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Hate groups are about to find lawmakers eager to scrutinize them

Rep. Bennie Thompson, D-Miss., speaks to reporters as Rep. Jim Clyburn, D-S.C., left, and Rep. G.K. Butterfield, D-N.C., listen, regarding a resolution to remove the confederate flag at Park Service-run cemeteries on Thursday, July 9, 2015 on Capitol Hill in Washington.
Rep. Bennie Thompson, D-Miss., speaks to reporters as Rep. Jim Clyburn, D-S.C., left, and Rep. G.K. Butterfield, D-N.C., listen, regarding a resolution to remove the confederate flag at Park Service-run cemeteries on Thursday, July 9, 2015 on Capitol Hill in Washington. AP

For years, Republicans have watched white supremacists claim the GOP is on their side. And on Capitol Hill, Republican lawmakers did little to clamp down on race-based hate groups.

But as of last week, Democrats are in charge of the House.

And that means Rep. Bennie Thompson, an African American lawmaker from Mississippi, is in charge of the House Homeland Security Committee.

He plans to act.

Thompson intends to hold hearings to spotlight what experts say is a growth of deadly right wing extremism in America, even if the hearings could feature members of white supremacist groups.

“There are some people, I understand, who have belonged to those groups in the past, so there might be an opportunity for dialogue there,” Thompson said.

After a woman was killed by a Nazi sympathizer who drove his car into a crowd of peaceful counter-protesters at a white supremacist rally in Charlottesville, Va., in 2017, Congress passed a resolution condemning the march. Though President Donald Trump signed the measure, and said he opposed hatred, bigotry and racism, he told reporters earlier the same day “You got some very bad people on the other side also.”

Hate crimes have spiked dramatically — incidents spiked 5.9 percent in 2017 over 2016, according to the FBI — but the House last year took no final action to help curb the trend. And the White House and Rep. Steve King, a veteran Republican lawmaker, have come under fire for indicating sympathy for white nationalists before clarifying they in fact were against hate and bigotry.

Several terrorism experts say attention to the issue is long overdue.

They say that the government has largely ignored the growth of a violent far right that exploded into the public consciousness with the deadly explosion of the Alfred P. Murrah Federal Building in Oklahoma City on April 19, 1995. by Timothy McVeigh, an anti-government extremist.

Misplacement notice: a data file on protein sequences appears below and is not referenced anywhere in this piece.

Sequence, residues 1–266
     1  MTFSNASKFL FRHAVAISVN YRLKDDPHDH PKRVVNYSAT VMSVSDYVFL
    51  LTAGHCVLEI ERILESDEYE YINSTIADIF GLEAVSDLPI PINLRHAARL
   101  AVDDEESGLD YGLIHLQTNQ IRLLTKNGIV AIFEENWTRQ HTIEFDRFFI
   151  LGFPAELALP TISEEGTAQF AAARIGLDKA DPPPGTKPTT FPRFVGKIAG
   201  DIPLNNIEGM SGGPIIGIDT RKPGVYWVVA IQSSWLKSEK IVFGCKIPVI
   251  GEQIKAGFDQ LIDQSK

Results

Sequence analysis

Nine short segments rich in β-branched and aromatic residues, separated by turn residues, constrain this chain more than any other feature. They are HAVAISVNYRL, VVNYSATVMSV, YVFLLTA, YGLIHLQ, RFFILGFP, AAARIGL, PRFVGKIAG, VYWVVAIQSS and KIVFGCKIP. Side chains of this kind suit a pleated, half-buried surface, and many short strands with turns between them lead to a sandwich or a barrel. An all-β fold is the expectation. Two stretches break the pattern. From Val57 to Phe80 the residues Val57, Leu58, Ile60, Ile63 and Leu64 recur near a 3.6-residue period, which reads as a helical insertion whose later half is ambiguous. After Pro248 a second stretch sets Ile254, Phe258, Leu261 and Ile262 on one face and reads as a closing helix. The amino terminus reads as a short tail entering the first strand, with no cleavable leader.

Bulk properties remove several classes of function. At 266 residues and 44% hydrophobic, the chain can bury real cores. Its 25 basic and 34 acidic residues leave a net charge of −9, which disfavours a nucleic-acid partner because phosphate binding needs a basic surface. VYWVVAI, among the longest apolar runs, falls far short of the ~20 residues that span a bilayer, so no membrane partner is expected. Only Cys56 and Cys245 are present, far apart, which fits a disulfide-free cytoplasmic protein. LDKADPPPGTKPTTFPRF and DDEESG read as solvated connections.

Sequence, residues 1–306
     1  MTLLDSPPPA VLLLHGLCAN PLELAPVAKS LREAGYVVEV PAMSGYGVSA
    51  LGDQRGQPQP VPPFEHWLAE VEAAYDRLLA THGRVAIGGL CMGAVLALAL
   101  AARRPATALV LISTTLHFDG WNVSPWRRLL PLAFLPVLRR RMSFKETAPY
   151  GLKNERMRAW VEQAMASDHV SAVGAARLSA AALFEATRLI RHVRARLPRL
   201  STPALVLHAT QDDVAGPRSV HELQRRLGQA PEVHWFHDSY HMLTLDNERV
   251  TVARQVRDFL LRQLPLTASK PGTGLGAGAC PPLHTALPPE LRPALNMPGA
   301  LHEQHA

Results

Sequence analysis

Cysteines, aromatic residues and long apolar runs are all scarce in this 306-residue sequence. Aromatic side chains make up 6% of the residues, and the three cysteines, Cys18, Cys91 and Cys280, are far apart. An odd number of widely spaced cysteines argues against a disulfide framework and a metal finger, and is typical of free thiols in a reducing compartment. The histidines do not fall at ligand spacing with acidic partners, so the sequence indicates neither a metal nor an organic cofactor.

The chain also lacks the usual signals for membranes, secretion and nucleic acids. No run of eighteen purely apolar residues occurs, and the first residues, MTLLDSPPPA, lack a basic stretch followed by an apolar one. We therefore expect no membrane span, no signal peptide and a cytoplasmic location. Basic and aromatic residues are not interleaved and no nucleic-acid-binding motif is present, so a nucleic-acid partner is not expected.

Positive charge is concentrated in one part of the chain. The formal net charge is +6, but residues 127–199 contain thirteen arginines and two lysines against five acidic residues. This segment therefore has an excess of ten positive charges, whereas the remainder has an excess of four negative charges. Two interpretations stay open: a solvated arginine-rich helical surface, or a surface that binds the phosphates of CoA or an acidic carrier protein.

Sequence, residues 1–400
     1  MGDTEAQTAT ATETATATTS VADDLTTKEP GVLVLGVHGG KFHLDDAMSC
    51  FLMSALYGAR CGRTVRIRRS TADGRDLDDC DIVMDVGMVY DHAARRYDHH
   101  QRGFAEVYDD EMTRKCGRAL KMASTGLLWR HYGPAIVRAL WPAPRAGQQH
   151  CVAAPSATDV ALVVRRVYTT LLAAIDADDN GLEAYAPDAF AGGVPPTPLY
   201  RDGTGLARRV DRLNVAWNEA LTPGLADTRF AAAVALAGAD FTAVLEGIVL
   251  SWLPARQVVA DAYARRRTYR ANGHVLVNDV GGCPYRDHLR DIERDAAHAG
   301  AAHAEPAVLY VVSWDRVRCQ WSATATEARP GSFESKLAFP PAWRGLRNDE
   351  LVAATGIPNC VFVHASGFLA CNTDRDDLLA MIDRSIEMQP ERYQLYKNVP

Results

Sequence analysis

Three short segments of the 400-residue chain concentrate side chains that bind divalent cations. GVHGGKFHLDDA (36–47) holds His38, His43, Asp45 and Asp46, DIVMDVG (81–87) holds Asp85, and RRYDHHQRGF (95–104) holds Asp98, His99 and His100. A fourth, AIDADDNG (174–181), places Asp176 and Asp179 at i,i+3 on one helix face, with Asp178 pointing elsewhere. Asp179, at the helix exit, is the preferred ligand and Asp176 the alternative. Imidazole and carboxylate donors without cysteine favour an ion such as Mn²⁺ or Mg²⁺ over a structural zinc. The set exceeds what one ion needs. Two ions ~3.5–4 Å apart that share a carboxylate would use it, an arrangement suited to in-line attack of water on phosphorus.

“For all the intense focus on preventing terrorism, there’s a large blind spot about terrorism from the far right,” said Michael German, a former FBI agent and a fellow at New York University’s Brennan Center for Justice.

“The federal government doesn’t keep accurate records describing the nature and impact of this violence. So it’s impossible to develop good policy if you don’t have a factual concept of the threat,” he said.

Under Republican control from 2011 until last week, the House Homeland Security Committee repeatedly rejected calls by Thompson and Democrats for specific probes of domestic far right activities. Some Republicans now are wary that Thompson’s probe would be conducted with a partisan eye.

“I worry that it becomes completely political — a political cudgel and a political issue and we don’t focus on the violence and the problems we have in society and any potential solutions,” said Rep. Scott Perry, R-Pennsylvania, a member of the Home Security Committee and the conservative House Freedom Caucus.

“I just think it would be better to characterize it as violent extremism and look at all of it (violent extremism),” he said.

For years, Congress and the White House has looked at terrorism through the lens of the September 11, 2001 terrorist attacks that killed nearly 3,000 people. The House Homeland Security Committee, established after those attacks, largely has focused on the foreign threat or potential danger posed by U.S. residents becoming radicalized by foreign terrorist groups.

Rep. Peter King, R-New York, a former committee chair, who presided over a series of hearings on the threat of radicalization of American Muslims, said the panel is not the venue for Thompson to address his concern.

“To me, that was the function of the judiciary committee,” King said. “The purpose of the Homeland Security Committee was to fight basically overseas terrorists who have allies in the United States. If this was World War II, it would be the American Nazi Party. As far as I know, right wing groups don’t have foreign ties.”